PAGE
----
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The Sand Creek Massacre, occurring on November 29, 1864, was one of the most infamous incidents of the Indian Wars. Initially reported in the press as a victory against a bravely fought defense by the Cheyenne, later eyewitness testimony conflicted with these reports, resulting in a military and two Congressional investigations into the events.
Starting in the 1850’s, the gold and silver rush in the Rocky Mountains brought thousands of white settlers into the mountains and the surrounding foothills. Dislocating and angering the Cheyenne and Arapaho who lived on the land, the Pike's Peak Gold Rush in 1858 brought the tension to a boiling point.
The Indians soon began to attack wagon trains, mining camps and stagecoach lines, a practice that increased during the Civil War, when the number of soldiers in the area was greatly decreased. Soon, this led to what became known as the Colorado War of 1863-1865.
As the violence between the Native Americans and the miners continued to increase, territorial governor John Evans sent a Voluntary Militia commander by the name of Colonel John Chivington to quiet the Indians. Though once a member of the clergy, Chivington's compassion did not extend to the Indians and his desires to extinguish them all was well known.
In the spring of 1864, while the Civil War raged in the east, Chivington launched a campaign of violence against the Cheyenne and their allies, his troops attacking any and all Indians and razing their villages. The Cheyenne, joined by neighboring Arapaho, Sioux, Comanche, and Kiowa in both Colorado and Kansas, went on the defensive warpath.
Soon, Evans and Chivington reinforced their militia, raising the Third Colorado Cavalry of short-term volunteers who referred to themselves as the "Hundred Dazers." After a summer of scattered small raids and clashes, the Cheyenne and Arapaho were ready for peace, and as a result, the Indian representatives met with Evans and Chivington at Camp Weld outside of Denver on September 28, 1864. Though no treaties were signed, the Indians believed that by reporting and camping near army posts, they would be declaring peace and accepting sanctuary.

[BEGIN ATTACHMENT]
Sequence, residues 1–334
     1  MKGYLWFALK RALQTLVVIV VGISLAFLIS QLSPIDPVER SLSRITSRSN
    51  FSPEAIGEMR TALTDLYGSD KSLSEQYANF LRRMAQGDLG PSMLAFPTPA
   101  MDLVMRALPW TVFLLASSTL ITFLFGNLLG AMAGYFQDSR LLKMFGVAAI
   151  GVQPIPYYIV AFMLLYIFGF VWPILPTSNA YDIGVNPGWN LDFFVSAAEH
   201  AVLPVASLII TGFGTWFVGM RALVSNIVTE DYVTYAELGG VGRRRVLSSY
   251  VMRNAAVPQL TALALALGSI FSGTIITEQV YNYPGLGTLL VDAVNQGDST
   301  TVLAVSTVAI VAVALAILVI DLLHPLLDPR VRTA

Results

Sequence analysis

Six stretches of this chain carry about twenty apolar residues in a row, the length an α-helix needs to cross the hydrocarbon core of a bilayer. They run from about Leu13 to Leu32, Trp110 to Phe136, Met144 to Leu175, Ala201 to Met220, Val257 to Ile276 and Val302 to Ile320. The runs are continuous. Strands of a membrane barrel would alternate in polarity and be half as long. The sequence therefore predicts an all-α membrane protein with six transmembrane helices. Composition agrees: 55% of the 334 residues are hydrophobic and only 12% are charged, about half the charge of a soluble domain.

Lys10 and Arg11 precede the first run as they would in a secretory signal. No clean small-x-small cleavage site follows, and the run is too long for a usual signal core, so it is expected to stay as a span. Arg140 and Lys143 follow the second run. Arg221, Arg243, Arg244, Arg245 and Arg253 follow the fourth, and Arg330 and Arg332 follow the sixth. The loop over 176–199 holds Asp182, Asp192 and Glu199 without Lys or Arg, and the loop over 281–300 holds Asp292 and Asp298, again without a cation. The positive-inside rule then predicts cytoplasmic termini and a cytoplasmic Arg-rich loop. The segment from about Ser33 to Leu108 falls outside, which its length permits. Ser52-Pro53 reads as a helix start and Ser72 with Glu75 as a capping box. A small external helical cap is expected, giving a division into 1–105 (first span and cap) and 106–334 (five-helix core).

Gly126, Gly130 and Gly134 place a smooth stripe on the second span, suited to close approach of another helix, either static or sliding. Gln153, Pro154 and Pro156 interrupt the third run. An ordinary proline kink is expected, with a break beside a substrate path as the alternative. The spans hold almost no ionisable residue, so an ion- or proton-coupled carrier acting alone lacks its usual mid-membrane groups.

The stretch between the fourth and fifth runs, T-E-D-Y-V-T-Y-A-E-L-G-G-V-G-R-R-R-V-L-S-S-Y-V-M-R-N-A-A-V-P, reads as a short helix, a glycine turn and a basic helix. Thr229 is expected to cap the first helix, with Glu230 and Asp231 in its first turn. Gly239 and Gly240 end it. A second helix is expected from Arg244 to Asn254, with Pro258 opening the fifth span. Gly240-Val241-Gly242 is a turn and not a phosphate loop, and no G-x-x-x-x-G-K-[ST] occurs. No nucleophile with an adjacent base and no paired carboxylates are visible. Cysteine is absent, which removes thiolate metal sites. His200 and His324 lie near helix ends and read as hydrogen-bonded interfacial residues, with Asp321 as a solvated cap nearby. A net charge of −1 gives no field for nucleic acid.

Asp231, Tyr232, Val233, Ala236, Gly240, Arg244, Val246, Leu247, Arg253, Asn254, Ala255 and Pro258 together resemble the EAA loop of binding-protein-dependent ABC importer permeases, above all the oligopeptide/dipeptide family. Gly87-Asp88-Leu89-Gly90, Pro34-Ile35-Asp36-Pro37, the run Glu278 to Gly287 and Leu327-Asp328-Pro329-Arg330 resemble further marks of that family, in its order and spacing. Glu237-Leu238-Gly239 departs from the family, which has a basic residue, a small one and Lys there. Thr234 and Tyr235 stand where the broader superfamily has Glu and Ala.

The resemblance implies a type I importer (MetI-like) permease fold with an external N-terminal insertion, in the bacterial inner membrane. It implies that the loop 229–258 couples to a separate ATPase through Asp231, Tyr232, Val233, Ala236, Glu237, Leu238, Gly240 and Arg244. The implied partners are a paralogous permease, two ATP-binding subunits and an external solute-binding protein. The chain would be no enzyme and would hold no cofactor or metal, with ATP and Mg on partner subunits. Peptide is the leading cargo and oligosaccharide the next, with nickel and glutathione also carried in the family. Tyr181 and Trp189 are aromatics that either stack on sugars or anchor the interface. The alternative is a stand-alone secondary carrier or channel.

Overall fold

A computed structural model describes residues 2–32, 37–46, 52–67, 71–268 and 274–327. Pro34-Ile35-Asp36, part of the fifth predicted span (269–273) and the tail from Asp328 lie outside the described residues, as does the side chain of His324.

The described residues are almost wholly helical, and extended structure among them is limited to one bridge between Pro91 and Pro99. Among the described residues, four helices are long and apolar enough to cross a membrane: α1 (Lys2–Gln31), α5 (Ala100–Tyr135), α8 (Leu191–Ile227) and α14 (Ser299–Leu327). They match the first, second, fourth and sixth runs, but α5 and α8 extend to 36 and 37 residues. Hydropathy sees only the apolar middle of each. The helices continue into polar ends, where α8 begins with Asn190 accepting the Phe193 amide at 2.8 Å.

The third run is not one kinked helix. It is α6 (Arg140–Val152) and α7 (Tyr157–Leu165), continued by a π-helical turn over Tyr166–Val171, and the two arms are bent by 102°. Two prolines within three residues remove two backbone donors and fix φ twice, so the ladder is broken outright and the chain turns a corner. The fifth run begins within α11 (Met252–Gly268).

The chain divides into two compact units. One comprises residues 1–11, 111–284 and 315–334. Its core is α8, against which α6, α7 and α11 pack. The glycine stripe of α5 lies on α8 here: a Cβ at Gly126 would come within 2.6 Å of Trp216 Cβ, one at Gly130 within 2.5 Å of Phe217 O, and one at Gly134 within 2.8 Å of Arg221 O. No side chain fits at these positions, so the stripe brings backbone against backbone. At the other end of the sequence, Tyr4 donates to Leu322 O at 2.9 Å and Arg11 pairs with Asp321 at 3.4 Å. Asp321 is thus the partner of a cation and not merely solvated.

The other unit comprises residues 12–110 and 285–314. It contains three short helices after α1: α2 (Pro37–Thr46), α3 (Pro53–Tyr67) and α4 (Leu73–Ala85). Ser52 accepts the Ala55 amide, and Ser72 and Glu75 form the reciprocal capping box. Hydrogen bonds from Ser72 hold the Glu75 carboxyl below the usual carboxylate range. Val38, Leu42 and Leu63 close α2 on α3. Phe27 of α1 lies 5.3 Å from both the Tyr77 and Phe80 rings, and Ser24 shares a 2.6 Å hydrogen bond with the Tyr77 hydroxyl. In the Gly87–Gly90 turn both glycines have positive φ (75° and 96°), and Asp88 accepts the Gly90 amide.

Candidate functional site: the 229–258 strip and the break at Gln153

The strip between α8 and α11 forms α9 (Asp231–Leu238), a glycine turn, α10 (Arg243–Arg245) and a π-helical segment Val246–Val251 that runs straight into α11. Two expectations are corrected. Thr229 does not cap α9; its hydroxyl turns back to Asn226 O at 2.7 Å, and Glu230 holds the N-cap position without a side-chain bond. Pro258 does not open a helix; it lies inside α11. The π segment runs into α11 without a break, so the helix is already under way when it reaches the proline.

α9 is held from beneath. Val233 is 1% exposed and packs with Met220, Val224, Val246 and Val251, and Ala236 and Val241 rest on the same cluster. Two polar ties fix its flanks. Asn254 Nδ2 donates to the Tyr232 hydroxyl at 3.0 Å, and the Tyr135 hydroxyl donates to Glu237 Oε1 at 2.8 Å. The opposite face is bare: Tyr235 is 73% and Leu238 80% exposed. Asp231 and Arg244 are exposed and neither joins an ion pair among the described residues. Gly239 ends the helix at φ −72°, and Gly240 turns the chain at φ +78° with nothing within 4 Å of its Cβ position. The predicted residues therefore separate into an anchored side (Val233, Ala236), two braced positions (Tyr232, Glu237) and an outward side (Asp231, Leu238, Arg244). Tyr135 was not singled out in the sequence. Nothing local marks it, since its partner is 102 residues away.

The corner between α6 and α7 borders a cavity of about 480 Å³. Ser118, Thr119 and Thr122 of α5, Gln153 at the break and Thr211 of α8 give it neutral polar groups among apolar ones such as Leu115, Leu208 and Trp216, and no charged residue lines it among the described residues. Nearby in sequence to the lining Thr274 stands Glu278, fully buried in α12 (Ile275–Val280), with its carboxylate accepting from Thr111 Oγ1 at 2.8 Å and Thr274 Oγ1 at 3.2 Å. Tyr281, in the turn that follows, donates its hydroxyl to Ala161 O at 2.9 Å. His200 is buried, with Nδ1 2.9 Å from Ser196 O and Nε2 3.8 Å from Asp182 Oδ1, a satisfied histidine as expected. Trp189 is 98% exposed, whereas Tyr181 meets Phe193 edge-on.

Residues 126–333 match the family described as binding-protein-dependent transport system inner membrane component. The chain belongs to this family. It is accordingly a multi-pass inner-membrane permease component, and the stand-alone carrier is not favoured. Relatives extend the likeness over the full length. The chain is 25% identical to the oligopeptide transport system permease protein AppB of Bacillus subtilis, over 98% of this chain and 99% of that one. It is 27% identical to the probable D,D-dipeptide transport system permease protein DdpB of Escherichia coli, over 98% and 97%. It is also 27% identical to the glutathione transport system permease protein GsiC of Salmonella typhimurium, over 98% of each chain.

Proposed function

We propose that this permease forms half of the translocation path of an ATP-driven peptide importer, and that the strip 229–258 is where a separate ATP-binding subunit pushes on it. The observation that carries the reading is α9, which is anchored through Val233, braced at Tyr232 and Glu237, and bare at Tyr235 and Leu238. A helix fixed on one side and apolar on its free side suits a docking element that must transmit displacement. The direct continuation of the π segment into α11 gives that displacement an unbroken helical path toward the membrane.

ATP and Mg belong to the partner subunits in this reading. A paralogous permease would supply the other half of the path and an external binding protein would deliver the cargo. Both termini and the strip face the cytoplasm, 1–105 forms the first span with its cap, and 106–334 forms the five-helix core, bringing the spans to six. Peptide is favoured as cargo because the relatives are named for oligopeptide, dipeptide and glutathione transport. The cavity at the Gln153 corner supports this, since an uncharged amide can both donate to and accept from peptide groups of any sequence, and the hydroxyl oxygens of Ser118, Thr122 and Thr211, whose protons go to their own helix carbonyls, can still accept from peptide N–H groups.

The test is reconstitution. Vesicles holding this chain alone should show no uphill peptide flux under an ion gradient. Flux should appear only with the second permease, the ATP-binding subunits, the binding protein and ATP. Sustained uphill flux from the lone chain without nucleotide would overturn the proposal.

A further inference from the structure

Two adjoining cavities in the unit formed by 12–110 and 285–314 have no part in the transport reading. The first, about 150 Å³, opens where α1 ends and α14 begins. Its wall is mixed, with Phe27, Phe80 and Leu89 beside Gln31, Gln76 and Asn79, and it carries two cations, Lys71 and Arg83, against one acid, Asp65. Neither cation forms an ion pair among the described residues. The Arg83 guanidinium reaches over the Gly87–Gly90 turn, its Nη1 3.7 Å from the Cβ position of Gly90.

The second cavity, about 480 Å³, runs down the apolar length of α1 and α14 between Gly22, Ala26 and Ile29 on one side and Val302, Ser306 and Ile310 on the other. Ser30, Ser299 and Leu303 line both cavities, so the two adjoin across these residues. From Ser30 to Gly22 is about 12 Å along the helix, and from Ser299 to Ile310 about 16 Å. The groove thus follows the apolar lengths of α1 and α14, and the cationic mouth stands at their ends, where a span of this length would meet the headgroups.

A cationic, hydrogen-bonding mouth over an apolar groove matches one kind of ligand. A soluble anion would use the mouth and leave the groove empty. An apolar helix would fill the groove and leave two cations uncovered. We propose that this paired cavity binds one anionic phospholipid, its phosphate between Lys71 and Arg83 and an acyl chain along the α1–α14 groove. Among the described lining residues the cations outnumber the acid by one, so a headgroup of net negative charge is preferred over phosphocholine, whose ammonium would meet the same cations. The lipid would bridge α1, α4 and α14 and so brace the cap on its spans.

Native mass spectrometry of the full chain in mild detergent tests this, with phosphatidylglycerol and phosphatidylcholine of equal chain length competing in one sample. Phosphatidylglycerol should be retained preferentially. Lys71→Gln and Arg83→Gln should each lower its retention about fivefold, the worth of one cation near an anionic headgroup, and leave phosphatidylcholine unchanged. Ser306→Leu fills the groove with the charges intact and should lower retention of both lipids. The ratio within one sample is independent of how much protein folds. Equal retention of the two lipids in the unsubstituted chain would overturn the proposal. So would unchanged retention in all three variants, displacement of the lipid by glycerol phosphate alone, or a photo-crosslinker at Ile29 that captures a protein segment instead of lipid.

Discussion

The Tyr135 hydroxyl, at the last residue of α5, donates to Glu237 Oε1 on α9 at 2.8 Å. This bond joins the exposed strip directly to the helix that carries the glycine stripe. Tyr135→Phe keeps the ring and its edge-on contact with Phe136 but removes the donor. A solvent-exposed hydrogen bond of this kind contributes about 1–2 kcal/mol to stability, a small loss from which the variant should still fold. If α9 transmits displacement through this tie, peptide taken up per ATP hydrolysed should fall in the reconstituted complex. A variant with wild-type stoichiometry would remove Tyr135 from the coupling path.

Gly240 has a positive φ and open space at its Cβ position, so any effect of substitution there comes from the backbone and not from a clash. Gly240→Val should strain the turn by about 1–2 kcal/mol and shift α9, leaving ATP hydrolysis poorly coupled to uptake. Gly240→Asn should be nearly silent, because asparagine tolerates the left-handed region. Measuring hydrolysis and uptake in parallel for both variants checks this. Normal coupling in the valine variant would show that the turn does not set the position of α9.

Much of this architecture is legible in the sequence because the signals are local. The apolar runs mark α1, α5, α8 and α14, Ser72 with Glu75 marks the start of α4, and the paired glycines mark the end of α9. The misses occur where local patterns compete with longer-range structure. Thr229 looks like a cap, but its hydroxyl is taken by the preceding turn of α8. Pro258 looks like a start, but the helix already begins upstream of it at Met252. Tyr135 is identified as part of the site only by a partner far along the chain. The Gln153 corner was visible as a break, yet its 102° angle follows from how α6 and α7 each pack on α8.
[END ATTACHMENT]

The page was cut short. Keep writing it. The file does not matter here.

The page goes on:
However on the day of the "peace talks” Chivington received a telegram from General Samuel Curtis (his superior officer) informing him that "I want no peace till the Indians suffer more...No peace must be made without my directions."
Unaware of Curtis's telegram, Black Kettle and some 550 Cheyenne and Arapaho, having made their peace, traveled south to set up camp on Sand Creek under the promised protection of Fort Lyon. Those who remained opposed to the agreement headed North to join the Sioux.
Knowing that the Indians had surrendered, Chivington led his 700 troops, many of them drinking heavily, to Sand Creek and positioned them, along with their four howitzers, around the Indian village. The ever trusting Black Kettle raised both an American and a white flag of peace over his tepee.